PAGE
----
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The Commons
News

'A freaking shame'

Former Melrose tenant laments the loss of a close-knit community

Originally published in The Commons issue #454 (Wednesday, April 11, 2018). This story appeared on page A3.


BRATTLEBORO—“It’s a freaking shame to me those houses can’t be used,” former Melrose Terrace resident Laura Austan told The Commons. “Those are really nice apartments.”

The Brattleboro Housing Partnerships, which manages Melrose Terrace and other public housing complexes in town, recently met with the Brattleboro Selectboard to discuss plans to demolish the vacant homes there.

The BHP plans to move the remaining residents out of Melrose after about three years and tear down those homes, too. The complex lies in an area prone to flooding, and the Department of Housing and Urban Development deems it unfit to house people.

Austan, a longtime Brattleboro resident, moved into Melrose in April of 2011. The first-floor homes at Melrose appealed to her, since medical challenges limit her mobility.

She moved there from the Brooks House, two weeks before it burned. After she dodged that proverbial bullet, that August, the BHP evacuated Austan from her home because Tropical Storm Irene was on its way.

The housing development, built in 1964, had a history of flooding, beginning six months after it was built.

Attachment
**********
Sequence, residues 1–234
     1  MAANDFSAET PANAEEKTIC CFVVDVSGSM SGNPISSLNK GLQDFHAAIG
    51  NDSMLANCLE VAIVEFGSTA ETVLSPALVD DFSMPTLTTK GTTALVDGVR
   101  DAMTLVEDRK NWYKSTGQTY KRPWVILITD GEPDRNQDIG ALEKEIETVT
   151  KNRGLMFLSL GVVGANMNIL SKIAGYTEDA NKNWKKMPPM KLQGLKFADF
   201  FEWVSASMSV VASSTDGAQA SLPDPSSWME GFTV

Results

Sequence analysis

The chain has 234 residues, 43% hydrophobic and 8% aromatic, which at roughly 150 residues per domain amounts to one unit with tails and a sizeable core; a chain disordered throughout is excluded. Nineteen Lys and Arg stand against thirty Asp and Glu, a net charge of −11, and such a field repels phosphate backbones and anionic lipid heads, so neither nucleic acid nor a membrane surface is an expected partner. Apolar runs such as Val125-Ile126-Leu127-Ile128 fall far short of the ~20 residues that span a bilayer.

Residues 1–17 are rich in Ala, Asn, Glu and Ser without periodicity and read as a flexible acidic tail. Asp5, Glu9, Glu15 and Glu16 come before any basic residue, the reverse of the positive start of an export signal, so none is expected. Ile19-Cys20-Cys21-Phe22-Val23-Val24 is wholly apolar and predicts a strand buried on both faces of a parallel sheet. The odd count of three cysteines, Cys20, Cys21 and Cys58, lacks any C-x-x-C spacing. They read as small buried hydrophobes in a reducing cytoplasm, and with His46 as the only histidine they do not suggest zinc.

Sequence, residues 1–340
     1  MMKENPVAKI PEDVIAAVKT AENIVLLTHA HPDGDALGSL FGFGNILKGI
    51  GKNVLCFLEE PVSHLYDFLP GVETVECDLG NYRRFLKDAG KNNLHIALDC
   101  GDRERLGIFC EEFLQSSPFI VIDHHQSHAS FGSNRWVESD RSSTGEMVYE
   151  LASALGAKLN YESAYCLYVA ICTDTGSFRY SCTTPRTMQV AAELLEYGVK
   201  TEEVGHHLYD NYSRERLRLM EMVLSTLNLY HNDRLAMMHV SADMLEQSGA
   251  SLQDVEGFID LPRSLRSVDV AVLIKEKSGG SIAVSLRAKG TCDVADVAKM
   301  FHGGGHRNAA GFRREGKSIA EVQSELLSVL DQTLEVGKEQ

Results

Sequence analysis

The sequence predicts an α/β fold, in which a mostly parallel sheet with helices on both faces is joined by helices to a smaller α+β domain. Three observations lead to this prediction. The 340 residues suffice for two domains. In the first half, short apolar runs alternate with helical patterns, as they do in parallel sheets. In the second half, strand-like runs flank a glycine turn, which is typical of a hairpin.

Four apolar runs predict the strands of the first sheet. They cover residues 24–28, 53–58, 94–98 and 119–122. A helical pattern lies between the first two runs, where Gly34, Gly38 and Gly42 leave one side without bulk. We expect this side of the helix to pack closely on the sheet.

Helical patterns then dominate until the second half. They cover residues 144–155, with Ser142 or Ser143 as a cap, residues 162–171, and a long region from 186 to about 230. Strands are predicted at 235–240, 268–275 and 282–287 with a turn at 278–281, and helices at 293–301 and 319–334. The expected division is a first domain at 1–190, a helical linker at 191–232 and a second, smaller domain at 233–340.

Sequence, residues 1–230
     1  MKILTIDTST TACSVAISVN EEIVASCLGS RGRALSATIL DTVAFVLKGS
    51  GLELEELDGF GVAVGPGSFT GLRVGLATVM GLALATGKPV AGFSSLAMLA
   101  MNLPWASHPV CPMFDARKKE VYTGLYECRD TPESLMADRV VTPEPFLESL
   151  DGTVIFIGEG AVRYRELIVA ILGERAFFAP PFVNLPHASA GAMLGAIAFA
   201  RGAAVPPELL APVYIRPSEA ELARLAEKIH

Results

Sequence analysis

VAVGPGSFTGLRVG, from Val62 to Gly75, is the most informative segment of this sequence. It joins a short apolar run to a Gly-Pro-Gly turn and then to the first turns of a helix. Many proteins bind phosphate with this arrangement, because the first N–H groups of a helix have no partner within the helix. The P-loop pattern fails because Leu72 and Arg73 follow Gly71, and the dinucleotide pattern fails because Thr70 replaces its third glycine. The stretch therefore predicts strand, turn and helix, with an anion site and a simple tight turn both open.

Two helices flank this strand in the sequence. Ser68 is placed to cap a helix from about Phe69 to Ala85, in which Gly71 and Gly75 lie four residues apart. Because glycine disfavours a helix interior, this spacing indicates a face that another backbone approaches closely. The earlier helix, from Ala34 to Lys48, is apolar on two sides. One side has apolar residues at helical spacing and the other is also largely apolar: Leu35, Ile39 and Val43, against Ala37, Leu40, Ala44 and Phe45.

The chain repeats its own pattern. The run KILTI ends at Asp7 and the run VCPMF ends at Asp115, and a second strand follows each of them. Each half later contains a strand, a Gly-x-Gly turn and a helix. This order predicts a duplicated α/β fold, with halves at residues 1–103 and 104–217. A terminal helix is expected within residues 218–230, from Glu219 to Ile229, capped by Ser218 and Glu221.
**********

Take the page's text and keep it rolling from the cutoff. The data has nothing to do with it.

“They were right on top of it,” Austan said of the BHP’s plan for evacuating residents. “They got us out of there even before it started raining,” she noted.

Water entered Austan’s apartment, but she said some residents had it worse. “They got a few feet of muck. They lost everything,” she said.

Unlike some of her neighbors, Austan was able to move back after a few months, but she knew it wouldn’t be for long.

In October 2016, the BHP found her an apartment in Hayes Court, partly because they were clearing out Melrose, and partly because Austan’s condition required her to live in a wheelchair-accessible home.

Although Austan likes her new home, she misses the structure of the Melrose homes and the privacy they allowed. “It’s like having a small house of your own,” she said. Her unit was a duplex, and she shared a hallway and porch with one neighbor.

Austan also had her own little front yard. “I miss my garden. I had a hyacinth there that grew two feet wide. You’d open the window and you could smell it,” she said.

“Those buildings were so nice and well-built,” she said.

But, Austan pointed out, siting a public housing complex in a flood plain was probably no mistake.

“Poor folk always live in the low areas. Real-estate values are always low in low-lying areas,” she said, and added, “that’s how it is in a capitalist country. It’s sad, but that’s the way it is.”

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